My interest in astronomy and stargazing in WA began when I co-owned and operated the public observatory in the Shire of Gingin between 2007 and 2012. The interest grew and I founded Stargazers Club WA in 2013 to help beginners start a hobby in astronomy.
Over the years, I have come to understand regional WA’s unique strengths in space science and our spectacular dark night sky. I had been asking myself, “How can this incredible natural asset be protected and used to attract visitors from around the world?”
I founded Astrotourism WA in 2018. My background in marketing, experience in regional development and a passion for stargazing converged.
It’s been a remarkable journey under the stars so far. With each passing year my astronomical adventure gets bigger than I ever imagined.
My passion for stargazing and astronomy in Western Australia was ignited when I co-owned and operated the observatory in the Shire of Gingin. From 2007 to 2012 my business partner, Donna Vanzetti, and I ran public stargazing nights. During these years, we were proud to have employed over 10 people and increased the number of visitors to the observatory (predominantly on Friday and Saturday nights) from 1,000 to over 5,500 per year.
It was a joy to stand under the beautiful dark night sky and listen to amateur and professional astronomers recount the stories and science of the view above. I didn’t realise it at the time, but my passion for WA’s dark night sky would grow steadily over many years.
During this time, I was also fortunate to work in regional development with the Wheatbelt Development Commission. It was a privilege to travel the Wheatbelt and foster a regional economy built on collaboration.
After the business sold in 2012, the urge to continue engaging people with stargazing and astronomy was still strong. In 2013 I founded Stargazers Club WA, which is especially for beginners wanting to start out in the hobby of astronomy.
Much like when I first began in astronomy, I know what it feels like to be lost in a sea of technical terms and an abundance of information. Starting an astronomical hobby can certainly be quite daunting.
Stargazers Club WA has a great team and together we have taught hundreds of people how to use telescopes, start out in astrophotography and learn about astronomy and stargazing under the WA night sky.
All this time, from my home in Gingin two hours north of Perth, I could see the light pollution of the city getting closer and closer.
Protecting the Dark Night Sky
Recent analysis of advanced satellite images of Earth at night by GFZ German Research Center for Geosciences in Germany, indicates that the rate of light pollution across the globe is increasing by approximately 2% every year in area and 2% every year in brightness.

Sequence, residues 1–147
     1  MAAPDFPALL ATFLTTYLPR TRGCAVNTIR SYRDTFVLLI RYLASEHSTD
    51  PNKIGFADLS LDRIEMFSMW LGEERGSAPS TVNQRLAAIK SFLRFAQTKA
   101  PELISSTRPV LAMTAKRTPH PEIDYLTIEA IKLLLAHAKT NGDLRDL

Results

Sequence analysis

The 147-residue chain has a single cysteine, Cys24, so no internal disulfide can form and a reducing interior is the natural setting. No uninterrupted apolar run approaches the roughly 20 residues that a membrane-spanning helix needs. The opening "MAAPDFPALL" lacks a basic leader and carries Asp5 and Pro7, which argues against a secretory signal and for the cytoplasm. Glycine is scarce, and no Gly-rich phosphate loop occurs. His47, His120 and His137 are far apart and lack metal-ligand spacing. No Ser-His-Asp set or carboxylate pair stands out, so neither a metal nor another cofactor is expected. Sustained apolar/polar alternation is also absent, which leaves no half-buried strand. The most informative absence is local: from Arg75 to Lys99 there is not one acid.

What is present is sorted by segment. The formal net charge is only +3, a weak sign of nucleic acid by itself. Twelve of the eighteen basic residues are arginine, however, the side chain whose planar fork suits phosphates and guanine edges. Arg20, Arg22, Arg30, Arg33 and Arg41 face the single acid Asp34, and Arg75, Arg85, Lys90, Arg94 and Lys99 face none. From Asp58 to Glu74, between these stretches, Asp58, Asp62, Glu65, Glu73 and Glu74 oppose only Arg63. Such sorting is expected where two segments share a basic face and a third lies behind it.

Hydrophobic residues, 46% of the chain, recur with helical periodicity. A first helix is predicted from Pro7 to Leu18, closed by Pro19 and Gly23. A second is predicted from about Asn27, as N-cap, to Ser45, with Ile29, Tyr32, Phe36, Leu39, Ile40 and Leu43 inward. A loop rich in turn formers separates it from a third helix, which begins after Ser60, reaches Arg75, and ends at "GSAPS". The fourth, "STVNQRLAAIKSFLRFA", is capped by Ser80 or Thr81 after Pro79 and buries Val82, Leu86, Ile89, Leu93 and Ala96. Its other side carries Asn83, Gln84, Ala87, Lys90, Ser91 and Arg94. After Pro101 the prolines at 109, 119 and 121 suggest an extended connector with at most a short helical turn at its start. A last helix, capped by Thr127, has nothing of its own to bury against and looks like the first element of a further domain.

According to The New World Atlas of Artificial Night Sky Brightness, more than 80%of the world’s population lives under light polluted skies. In the United States and Europe, 99% experience skyglow at night. The Milky Way is hidden from more than one-third of humanity, including 60% of Europeans and nearly 80% of North Americans.
An idea to combine astronomy and tourism has slowly formed. In early 2018, I made the decision to pursue a vision for Astrotourism in WA while running Stargazers Club WA. I was honoured to be a finalist with the project in the 2018 AgriFutures Rural Women’s Award.
In March 2018, I visited communities in the Wheatbelt and Mid West regions to see if there was any interest to develop an Astrotourism sector of the Regional Tourism Industry and, at the same time, work to reduce artificial light pollution and protect the dark night sky.
The level of interest and enthusiasm from communities has been impressive.
In 2018/19, nine Local Governments engaged me to help them to become Astrotourism destinations with a project called Astrotourism Towns. These are the City of Greater Geraldton-Mullewa and the Shires of Carnamah, Dandaragan, Mingenew, Moora, Morawa, Perenjori, Three Springs and Wongan-Ballidu.
I have started listing towns and stargazing destinations on the Astrotourism WA map. Domestic and International promotion has begun. I foresee increased visitor numbers, more overnight stays and increased visitor expenditure in regional WA.
I’m working with these communities to roll out the “welcome mat” for visitors to experience world-class stargazing, Aboriginal Astronomy culture and heritage, and to use telescopes and cameras for astronomy-related activities.
At the same time, I’m helping the towns protect the dark-sky asset by advising on artificial light pollution and appropriate outdoor and street lighting for astronomical activities.
In an increasingly light polluted world, we’re working together to protect regional WA’s dark night sky, so that we’ll have a world-class tourism asset for decades to come!